Creating Internal/External FX mixes with StudioLive XX.4.2 mixers
Internal FX Mixes
There are at least two main advantages to creating an effects mix, rather than
inserting an effect in a channel. First, several channels can be sent to a single
processor. In addition to greatly simplifying the number of parameters you
have to control, this can create a cohesive sound in your mix. The second
advantage of creating an effects mix is that you can vary the level sent from
each channel to the processor, rather than patching the output directly into the
effect. This allows you to add a lot or a little of an effect to any given channel.
The StudioLive features two internal effects buses. These are used much
in the same way the aux buses are used to create monitor mixes.
(StudioLive AI mixers have 4 - two reverb units and two delay units).
1. To begin, press the FXA Select button and decide to which outputs you’d like to
route your effects mix.
2. To patch your effects mix to any of the subgroups or to the Main outputs, press the
desired output’s button in the Assign section of the Fat Channel.
3. Next, press the Mix button in the FXA section. The Fat Channel meters will display
the send level of each of the input channels to FXA. The encoders below each
meter control the channel’s level in FXA’s mix. Use these encoders the same way
that you use the faders to set the output level to your main mix. The higher a
channel’s level is in the effects mix, the more processed (“wetter”) it will sound.
Let’s say that you are using reverb to liven up a relatively dead room. You
might send a little bit of each input to the reverb, but you probably will not
want much of the drums and bass to be processed, as too much reverb could
reduce their impact and leave your mix without a sturdy foundation. So rather
than turning the aux-send level for the kick drum channel all the way up,
turn it so that the meter reads between 20% and 30% saturation. This way,
only a small portion of the kick-drum input will be affected by the reverb.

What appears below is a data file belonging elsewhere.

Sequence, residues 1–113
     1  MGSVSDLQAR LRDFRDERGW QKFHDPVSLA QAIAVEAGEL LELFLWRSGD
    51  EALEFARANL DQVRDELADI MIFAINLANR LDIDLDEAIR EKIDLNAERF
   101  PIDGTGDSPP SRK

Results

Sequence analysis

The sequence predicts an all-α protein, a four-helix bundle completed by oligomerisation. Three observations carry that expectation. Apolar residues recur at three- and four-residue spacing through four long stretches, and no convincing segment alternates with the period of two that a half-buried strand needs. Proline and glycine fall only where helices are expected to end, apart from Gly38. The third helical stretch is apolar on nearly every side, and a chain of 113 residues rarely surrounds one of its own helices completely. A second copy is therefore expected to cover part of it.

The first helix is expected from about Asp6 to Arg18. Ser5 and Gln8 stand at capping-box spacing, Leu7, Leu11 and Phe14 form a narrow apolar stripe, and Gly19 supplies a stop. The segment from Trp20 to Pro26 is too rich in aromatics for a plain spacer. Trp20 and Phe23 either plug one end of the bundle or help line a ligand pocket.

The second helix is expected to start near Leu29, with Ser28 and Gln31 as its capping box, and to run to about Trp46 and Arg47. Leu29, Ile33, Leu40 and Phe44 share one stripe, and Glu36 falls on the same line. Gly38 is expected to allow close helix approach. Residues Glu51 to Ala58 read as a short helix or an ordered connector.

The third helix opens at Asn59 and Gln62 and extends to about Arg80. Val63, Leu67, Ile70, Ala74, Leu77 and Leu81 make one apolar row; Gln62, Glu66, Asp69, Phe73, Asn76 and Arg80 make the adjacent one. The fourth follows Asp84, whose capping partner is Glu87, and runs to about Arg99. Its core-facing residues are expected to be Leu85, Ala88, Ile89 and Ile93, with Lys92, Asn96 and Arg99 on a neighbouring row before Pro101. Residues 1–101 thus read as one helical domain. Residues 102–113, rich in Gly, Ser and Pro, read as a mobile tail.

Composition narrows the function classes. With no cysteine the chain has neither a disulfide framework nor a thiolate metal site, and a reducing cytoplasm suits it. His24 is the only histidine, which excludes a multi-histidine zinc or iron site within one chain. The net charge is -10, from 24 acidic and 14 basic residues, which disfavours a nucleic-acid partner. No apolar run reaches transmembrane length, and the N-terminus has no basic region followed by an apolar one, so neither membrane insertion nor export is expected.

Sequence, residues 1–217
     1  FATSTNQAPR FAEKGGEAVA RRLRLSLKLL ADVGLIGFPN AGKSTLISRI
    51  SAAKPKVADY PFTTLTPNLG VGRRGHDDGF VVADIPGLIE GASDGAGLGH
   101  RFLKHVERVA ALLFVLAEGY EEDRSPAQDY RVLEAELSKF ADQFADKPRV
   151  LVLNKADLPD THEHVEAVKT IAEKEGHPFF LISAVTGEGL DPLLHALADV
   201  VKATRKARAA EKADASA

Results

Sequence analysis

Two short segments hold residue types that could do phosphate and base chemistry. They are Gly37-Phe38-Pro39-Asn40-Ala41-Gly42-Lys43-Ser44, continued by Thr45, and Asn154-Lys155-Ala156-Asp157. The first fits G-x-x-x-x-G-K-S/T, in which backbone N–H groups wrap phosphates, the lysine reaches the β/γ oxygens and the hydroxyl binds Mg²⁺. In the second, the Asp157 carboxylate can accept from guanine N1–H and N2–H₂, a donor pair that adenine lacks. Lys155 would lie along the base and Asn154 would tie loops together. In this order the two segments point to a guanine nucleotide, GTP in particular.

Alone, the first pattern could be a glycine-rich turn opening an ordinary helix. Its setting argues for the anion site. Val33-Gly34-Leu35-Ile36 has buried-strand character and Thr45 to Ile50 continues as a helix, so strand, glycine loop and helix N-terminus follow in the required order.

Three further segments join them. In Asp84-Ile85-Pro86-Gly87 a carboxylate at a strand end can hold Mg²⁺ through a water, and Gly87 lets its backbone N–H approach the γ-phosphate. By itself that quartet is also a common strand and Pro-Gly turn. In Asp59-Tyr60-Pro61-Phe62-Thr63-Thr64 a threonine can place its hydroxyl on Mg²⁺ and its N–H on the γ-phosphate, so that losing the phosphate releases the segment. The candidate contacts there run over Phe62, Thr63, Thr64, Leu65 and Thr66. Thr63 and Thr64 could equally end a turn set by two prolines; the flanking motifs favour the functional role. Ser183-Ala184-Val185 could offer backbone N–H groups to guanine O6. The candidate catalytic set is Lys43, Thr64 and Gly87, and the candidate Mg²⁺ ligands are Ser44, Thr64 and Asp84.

4. By pressing the FXA Select button again, you can add dynamics
processing and EQ to the overall monitor mix. These are great
for adding sustain, removing too much ring, etc.
5. Use the FXA Level knob to increase or decrease the overall effects-mix send level and make sure to turn up the fader of the channels that the FX is on to listen to the reverb/delay set.
6. To send FXA’s mix to a monitor mix, press that aux bus’s Mix button twice and use
Encoder 5 to dial in the right level. (Encoders 6 and above control all FX send levels.)
If you are trying to send FX through an Auxiliary Mix, please see the below videos on creating a Monitor mix, and also routing FX through that Monitor Mix output for futher information on Step 6.
How to setup a Monitor Mix
Adding Effects to Monitors
External FX Mixes
NOTE: When cascading StudioLive mixers, It is suggested that these instructions be followed on the Master mixer only. This is for the purpose of being able to record the Auxiliary A and B inputs as well as preferred routing from all buses on cascaded mixers.
1. To begin, connect the Aux 1 output to the input of your
external effects processor and connect the outputs of your
processor to Aux In A of your StudioLive, as illustrated above.
2. Turn the Output knob in the Aux 1 section to Unity.
3. Press the Aux In A Select button.
4. In the Fat Channel, assign Aux In A to the main outputs.
5. Press the Mix button for Aux 1. The Fat Channel meters will display each input
channel’s send level to Aux 1. The encoders below each meter control the
channel’s level in Aux 1’s mix. You will use these encoders to set the send levels for
each channel to the effects processor, the same way you used them to create a
monitor mix. As with creating an internal FX mix, the higher a channel’s level is in
the FX mix, the more processed (“wetter”) it will sound.
6. Once you have determined your effects mix, you can press the Select button for
Aux 1 to add dynamics processing and EQ to the aux mix before it is sent to the
external effects processor.
7. The Level knob for Aux Input A controls the level of the aux mix relative to the level
of your main mix.